Gotchas with JavaScript Promises and Fetch

This year has definitely been one of “return to JavaScript” for me (among other things) and its really interesting to see how far it has come. Between Cloud Functions, complex client applications using React, native app development with React Native and now even using AFrame/ThreeJS for WebVR development, I have been writing a LOT of JavaScript across the stack.

JavaScript’s increased responsibilities have unfortunately brought with it a corresponding increase in complexity which trips up many a returning developer (Gina Trapani’s excellent post is a good read if you are one of This month I have spent quite a few hours dealing with JavaScript’s Fetch API and the whole Promises API. There are a couple of gotchas there that I ran into that are worth sharing. Maybe they can save you a couple of hours down the road

  1. Fetch and Promises start executing immediately. You cannot create a Promise object and store it to be executed later. If you are trying to avoid that, one option is to create a function that returns the Promise when needed.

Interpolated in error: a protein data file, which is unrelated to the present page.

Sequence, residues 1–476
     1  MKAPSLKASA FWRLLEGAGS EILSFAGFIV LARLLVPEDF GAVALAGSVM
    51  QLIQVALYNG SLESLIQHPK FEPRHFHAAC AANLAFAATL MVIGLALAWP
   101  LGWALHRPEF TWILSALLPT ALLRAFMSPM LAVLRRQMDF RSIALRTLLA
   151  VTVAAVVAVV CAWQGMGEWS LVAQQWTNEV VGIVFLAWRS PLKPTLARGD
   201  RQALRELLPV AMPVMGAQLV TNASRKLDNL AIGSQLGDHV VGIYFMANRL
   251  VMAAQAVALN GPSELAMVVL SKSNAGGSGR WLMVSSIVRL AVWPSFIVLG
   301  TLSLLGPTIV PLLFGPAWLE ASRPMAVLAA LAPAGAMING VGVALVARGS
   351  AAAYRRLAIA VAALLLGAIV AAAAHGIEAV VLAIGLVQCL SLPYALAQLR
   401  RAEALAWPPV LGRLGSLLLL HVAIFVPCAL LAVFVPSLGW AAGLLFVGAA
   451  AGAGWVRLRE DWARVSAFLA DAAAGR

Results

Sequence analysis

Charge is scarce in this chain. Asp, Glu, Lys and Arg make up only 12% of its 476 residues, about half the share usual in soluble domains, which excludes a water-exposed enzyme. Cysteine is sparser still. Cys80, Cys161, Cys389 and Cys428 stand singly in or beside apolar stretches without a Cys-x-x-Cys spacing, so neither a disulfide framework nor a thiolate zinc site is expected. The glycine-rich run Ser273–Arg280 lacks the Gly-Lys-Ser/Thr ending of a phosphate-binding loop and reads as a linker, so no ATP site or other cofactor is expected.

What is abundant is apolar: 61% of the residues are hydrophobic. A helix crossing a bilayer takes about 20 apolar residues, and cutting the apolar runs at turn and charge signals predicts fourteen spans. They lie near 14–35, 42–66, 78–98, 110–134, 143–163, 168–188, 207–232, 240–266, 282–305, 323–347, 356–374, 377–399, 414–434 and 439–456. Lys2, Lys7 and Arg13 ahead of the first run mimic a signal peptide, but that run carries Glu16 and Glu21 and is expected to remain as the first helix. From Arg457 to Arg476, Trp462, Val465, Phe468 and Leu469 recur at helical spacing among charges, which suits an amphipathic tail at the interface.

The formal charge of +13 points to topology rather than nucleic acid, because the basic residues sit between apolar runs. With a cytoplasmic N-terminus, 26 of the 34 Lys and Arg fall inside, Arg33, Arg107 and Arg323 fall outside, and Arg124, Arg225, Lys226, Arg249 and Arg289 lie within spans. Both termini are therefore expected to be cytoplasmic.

2. Fetch requests have no concept of a timeout. If you need a Fetch request to be aborted after a certain number of seconds, the best way I have seen is to use Promise.race along with a different function that then throws the error to reject the Promise chain.
  3. Making multiple calls with Fetch? Promise.all is a great option except that all requests / Promises start executing in parallel. If you need to execute them in sequence (like I did), you are out of luck without writing some utility code or leveraging a library. I ended up using this npm module.
  4.  Server error responses to Fetch calls are still interpreted as successes and call the success callback handler. Which means that you have to check for errors in your onSuccess which feels just wrong.

These are definitely some … debatable calls made by the guys deciding the api. If there are other gotchas you have run into, please share them here as well.